© APDemocratic Governor Gretchen Whitmer • Michigan • 2020
In a fiery exchange last month, CNN anchorwoman Abby Phillip told GOP presidential candidate Vivek Ramaswamy that there was "no evidence" to support his claim that federal agents abetted protesters at the Capitol on Jan. 6, 2021.

Ramaswamy shot back that the FBI conspicuously has never denied that law enforcement agents were on duty in the crowd. He argued that federal officials have repeatedly "lied" to the American people about not only that investigation but one that has gotten much less attention: the alleged failed plot to kidnap and kill Democratic Gov. Gretchen Whitmer of Michigan in 2020.

"It was entrapment," Ramaswamy said. "FBI agents putting them up to a kidnapping plot that we were told was true but wasn't."

His zeroing in on the Michigan case highlighted an uncharacteristic development in contemporary politics, where progressives vigorously defend law enforcement power while conservatives view it with deep suspicion. Further, Ramaswamy's linking of Jan. 6 and the Whitmer plot resonated with many on the right who want similarities between the two episodes exposed to the general public, especially the FBI's reliance on informants and other paid operatives.

On Oct. 8, 2020, Whitmer announced the shocking arrests of several men accused of planning to kidnap and possibly assassinate her. The case produced alarming headlines just weeks before Election Day; Democrats, including Whitmer, used news of the plot to blame Trump for inciting violence.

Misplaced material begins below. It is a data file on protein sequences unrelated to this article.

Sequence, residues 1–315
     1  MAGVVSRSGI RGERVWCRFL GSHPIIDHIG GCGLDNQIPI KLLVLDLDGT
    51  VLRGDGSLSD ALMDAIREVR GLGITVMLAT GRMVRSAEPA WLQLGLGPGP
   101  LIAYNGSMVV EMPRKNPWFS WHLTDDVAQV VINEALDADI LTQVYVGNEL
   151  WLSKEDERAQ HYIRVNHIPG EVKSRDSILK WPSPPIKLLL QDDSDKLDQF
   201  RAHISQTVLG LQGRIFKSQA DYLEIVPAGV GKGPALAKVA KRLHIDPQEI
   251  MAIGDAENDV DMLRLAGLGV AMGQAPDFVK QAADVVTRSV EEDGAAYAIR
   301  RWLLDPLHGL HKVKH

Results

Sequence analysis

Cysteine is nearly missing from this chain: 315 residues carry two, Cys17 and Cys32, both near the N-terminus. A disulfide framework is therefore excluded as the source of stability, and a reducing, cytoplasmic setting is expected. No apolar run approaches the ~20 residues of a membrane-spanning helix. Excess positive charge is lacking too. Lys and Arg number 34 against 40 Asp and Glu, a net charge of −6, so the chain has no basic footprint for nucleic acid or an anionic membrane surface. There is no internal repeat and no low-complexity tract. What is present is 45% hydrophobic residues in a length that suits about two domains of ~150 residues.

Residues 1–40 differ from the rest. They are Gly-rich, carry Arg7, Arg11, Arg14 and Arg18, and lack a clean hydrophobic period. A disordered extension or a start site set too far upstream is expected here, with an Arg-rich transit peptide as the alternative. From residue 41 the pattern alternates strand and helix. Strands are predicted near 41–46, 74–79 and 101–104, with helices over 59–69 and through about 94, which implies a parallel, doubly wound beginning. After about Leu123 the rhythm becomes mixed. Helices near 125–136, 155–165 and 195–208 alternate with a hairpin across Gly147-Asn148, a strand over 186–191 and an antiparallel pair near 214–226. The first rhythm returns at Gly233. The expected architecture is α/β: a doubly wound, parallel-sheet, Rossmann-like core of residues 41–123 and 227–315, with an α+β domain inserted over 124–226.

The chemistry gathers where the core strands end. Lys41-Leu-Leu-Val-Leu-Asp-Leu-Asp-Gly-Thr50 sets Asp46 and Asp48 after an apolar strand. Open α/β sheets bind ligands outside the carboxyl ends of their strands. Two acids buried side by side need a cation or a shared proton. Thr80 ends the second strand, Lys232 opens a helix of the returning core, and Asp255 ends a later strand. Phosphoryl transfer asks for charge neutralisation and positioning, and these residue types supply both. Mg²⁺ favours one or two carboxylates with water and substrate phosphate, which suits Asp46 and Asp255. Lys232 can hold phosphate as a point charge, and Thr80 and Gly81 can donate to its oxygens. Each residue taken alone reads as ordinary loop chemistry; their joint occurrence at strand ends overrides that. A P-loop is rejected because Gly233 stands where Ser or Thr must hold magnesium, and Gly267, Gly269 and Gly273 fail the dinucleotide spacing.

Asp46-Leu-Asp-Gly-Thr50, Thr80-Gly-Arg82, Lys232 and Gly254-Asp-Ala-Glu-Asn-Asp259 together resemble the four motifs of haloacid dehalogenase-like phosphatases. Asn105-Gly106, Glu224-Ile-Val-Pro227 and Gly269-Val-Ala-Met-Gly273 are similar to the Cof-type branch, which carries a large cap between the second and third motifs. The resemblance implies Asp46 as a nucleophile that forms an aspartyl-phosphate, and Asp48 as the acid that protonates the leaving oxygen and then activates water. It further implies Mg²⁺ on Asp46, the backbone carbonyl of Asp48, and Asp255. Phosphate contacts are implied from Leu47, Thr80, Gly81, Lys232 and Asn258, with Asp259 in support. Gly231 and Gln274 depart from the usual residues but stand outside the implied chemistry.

Comment: Complex FBI machinations created the prototype for January 6 at the US Capitol.


'Mysterious' inscription on ancient sphinx is deciphered, revealing 'unusual' message

Sphinx Statue
© Photo from the journal Mediterranean Archaeology and ArchaeometryAfter puzzling experts for over 100 years, an inscription on an ancient sphinx has now been deciphered, according to a new study.
A message etched into an ancient sphinx has proven to be, well, sphinx-like. The "mysterious" inscription has long been an enigma, puzzling scholars for over a century.

But now, it's finally been deciphered, revealing a brief, but "unusual" poem, according to a study published Dec. 30 in the journal Mediterranean Archaeology and Archaeometry.

Dating to the third century, the bronze sphinx statue originated from Dacia, a Roman province that largely corresponds to modern-day Romania.

Taking the form of a winged lion, "the sphinx was perceived by the original creators and users of the artifact as a representation of a mythical deity that they honored and worshiped," Peter Revesz, the study author and professor at the University of Nebraska, told McClatchy News.

After being discovered in the 19th century, the statue was stolen from a European count sometime around 1848, Revesz said.

While it was never recovered, a detailed drawing of the sphinx remained. In the drawing, the inscription — composed of a handful of characters — can be seen on the base of the statue. For decades, scholars examined the drawing, attempting to decode the inscription. However, they were unsuccessful, perhaps because — in an "unusual" break from ancient norms — it reads from left to right.